Software-defined networking specialist Big Switch Networks is known for its Big Cloud Fabric, its next-generation data center switching fabric that offers network automation and visibility for software-defined data centers and cloud-native applications, as well as its Big Monitoring Fabric, which provides hybrid cloud visibility and security. Santa Clara, Calif.-based Arista said that the acquisition of Big Switch Networks will strengthen the company’s network monitoring and observability suite it offers through its software platform CloudVision and DANZ, or Data ANalyZer, capabilities.

Financial terms of the deal were not disclosed.

5. Cisco Scoops Up Wireless IoT Specialist Fluidmesh Networks  

Cisco kicked off the spring by revealing plans to acquire privately held Fluidmesh Networks, a maker of wireless backhaul systems.

Brooklyn, N.Y.-based Fluidmesh Networks manufactures hardware and software of wireless point-to-point networks and wireless mesh networks. Together, the two companies said they will build on Cisco's industrial IoT strategy with the addition of Fluidmesh's wireless technology that can reach critical, on-the-move IoT applications.

The two companies did not share the financial terms of the deal.

4. Rapid7 Acquires Cloud Security Upstart For $145 million

Cybersecurity firm Rapid7 said in April that it would buy cloud security posture management startup DivvyCloud for $145 million in cash and stock to help businesses bring together their security and DevOps teams.

Boston-based Rapid7 said Arlington, Va.-based DivvyCloud can help customers protect cloud and container environments from misconfigurations, policy violations, external and internal threats, and identity and access management challenges. DivvyCloud has 70 employees and 54 customers, according to the company.

The deal marks the third purchase Rapid7 has made over the past 18 months.

3. Cisco To Acquire ThousandEyes 

Confirming earlier reports, Cisco Systems in May revealed its intent to acquire network monitoring company ThousandEyes. 

San Francisco-based ThousandEyes specializes in software that provides actionable intelligence to help enterprises improve their digital experience, especially as applications and workloads move off-premises and into cloud environments, the companies said. The deal will complement Cisco's application performance and monitoring business, AppDynamics, especially as San Jose, Calif.-based Cisco continues to focus on software and services.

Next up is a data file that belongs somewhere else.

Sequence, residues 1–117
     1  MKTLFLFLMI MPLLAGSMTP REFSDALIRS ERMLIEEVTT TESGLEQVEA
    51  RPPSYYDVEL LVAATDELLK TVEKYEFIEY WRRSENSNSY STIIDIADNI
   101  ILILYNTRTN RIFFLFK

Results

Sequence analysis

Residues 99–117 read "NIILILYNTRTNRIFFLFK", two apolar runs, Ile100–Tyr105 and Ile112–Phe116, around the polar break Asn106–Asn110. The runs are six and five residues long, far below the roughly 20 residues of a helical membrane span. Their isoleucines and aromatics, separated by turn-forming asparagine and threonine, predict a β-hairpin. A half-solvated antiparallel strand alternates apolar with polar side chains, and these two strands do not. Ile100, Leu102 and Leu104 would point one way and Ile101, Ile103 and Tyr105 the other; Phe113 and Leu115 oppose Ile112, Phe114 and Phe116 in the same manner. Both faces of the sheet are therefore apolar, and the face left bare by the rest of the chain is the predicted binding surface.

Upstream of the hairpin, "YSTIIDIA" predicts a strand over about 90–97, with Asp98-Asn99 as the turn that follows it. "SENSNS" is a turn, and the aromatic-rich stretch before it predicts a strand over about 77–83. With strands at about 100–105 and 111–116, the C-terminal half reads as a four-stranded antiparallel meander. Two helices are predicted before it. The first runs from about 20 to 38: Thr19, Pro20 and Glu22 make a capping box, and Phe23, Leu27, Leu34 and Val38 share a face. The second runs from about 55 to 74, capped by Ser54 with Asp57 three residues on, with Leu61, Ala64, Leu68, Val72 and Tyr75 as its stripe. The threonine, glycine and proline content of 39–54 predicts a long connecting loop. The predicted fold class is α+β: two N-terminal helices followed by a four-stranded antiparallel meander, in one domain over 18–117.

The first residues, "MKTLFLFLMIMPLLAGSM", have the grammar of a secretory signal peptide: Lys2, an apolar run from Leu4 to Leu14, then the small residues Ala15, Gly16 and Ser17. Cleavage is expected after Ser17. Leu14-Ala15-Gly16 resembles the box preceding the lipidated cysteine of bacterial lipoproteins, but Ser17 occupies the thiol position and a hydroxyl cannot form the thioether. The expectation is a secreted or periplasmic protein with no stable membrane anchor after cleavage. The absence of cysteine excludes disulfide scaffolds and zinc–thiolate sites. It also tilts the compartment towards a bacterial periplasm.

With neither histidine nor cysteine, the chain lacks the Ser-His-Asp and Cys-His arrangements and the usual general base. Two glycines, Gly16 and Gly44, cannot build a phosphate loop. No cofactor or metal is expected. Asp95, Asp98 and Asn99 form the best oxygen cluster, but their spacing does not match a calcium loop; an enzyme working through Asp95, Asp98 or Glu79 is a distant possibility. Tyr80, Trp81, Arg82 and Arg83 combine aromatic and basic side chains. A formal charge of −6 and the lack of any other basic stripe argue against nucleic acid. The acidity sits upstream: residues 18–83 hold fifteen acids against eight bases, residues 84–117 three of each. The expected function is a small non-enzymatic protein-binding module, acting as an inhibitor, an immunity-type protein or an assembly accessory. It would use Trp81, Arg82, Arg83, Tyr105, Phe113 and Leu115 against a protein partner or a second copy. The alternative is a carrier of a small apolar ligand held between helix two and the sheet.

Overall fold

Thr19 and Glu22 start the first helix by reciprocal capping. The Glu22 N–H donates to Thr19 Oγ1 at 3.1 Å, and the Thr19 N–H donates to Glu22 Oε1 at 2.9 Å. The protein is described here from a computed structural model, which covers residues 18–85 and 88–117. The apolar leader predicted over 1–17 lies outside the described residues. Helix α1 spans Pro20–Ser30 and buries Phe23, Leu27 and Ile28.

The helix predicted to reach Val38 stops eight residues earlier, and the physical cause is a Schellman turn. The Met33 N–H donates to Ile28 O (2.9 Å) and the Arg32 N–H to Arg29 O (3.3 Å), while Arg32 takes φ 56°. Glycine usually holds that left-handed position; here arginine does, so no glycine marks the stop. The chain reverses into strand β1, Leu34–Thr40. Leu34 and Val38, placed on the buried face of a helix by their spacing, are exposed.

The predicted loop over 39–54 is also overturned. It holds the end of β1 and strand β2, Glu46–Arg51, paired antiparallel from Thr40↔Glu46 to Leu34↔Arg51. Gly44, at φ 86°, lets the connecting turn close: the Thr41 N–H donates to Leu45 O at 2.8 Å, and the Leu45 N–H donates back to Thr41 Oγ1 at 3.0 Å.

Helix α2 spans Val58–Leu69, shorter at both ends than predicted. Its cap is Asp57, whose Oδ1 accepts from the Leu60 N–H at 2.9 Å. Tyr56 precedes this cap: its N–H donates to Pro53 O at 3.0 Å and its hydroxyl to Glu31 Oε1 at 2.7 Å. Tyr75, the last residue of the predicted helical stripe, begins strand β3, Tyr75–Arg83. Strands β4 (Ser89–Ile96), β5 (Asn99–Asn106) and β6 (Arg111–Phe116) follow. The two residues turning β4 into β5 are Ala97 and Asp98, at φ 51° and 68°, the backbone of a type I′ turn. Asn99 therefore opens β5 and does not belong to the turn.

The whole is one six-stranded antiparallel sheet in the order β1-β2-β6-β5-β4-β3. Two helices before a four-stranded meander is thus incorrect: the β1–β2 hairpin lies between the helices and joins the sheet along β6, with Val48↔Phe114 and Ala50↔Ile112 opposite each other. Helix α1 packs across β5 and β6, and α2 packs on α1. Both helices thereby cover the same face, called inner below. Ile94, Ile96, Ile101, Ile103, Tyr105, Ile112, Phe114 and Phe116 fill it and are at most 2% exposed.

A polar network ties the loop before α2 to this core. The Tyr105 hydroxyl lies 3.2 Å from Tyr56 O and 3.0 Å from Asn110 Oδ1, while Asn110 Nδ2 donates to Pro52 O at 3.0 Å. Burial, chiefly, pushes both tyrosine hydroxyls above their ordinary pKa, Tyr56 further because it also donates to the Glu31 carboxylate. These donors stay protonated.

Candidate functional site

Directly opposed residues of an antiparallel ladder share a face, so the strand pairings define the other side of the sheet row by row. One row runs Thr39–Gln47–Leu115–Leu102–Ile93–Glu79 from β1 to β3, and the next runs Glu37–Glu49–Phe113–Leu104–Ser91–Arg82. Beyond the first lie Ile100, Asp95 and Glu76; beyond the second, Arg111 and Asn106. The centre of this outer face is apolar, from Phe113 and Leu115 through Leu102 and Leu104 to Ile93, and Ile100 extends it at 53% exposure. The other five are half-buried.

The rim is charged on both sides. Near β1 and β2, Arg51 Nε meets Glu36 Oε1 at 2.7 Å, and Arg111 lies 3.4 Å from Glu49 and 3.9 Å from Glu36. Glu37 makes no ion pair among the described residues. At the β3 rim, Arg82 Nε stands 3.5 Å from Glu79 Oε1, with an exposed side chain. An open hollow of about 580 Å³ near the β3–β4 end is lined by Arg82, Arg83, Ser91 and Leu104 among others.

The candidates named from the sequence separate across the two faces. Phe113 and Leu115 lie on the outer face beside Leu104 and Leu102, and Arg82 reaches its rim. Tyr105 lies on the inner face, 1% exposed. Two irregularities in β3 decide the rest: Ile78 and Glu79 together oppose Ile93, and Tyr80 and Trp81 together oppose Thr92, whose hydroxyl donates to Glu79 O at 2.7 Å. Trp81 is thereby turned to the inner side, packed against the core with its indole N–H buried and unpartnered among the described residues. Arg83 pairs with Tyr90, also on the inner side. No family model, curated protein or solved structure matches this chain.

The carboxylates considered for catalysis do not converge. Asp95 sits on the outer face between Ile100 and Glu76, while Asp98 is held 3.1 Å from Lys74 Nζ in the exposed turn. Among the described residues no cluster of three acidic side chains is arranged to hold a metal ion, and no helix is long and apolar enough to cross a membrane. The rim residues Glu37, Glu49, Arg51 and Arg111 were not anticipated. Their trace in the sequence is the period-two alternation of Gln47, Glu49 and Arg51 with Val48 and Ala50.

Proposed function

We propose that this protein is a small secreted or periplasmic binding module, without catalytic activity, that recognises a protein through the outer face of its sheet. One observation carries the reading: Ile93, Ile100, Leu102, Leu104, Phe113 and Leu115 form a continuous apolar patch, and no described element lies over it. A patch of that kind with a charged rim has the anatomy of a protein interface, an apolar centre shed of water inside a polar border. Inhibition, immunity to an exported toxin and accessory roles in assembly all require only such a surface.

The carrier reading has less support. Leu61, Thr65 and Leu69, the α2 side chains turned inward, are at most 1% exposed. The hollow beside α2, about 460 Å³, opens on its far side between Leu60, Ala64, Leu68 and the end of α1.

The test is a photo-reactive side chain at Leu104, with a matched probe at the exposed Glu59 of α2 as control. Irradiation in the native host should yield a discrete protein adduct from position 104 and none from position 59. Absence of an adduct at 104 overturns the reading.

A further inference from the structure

While the two companies did not disclose financial terms of the deal, Bloomberg reported that the price tag was nearly $1 billion.

2. F5 Networks Completes Shape Security Purchase 

Application delivery specialist F5 Networks first unveiled its intent to acquire rising application security star Shape Security to protect customers from automated attacks, botnets and targeted fraud in late 2019. In January, it completed the acquisition.

F5 paid approximately $1 billion for Santa Clara, Calif.-based Shape Security.

Combined, F5 and Shape have created an end-to-end application security offering that can reduce infrastructure complexity and protect customers from online fraud, reputational damage, and disruptions to critical online services, according to Seattle-based F5 Networks.

1. Nvidia Spends Billions On Mellanox, Cumulus Networks 

Chipmaker Nvidia spent April and May sealing two different deals. The company bought cloud-network switch and adapter vendor Mellanox Technologies in a $6.9 billion deal in April and then nabbed Cumulus Networks for an undisclosed amount in May.

Mellanox specializes in networking hardware and software for large cloud and enterprise data centers, while Cumulus specializes in a Linux-based network operating system for large data center, cloud and enterprise networking environments.

Nvidia said Mellanox will allow customers to achieve higher performance and greater utilization of computing resources and lower operating costs. Cumulus, on the other hand, will allow Nvidia to innovate and optimize across the entire networking stack from chips and system to software.

Gina Narcisi

Gina Narcisi is a senior editor covering the networking and telecom markets for CRN.com. Prior to joining CRN, she covered the networking, unified communications and cloud space for TechTarget. She can be reached at gnarcisi@thechannelcompany.com.

Advertisement
Advertisement
Advertisement
Sponsored Post
Advertisement
Advertisement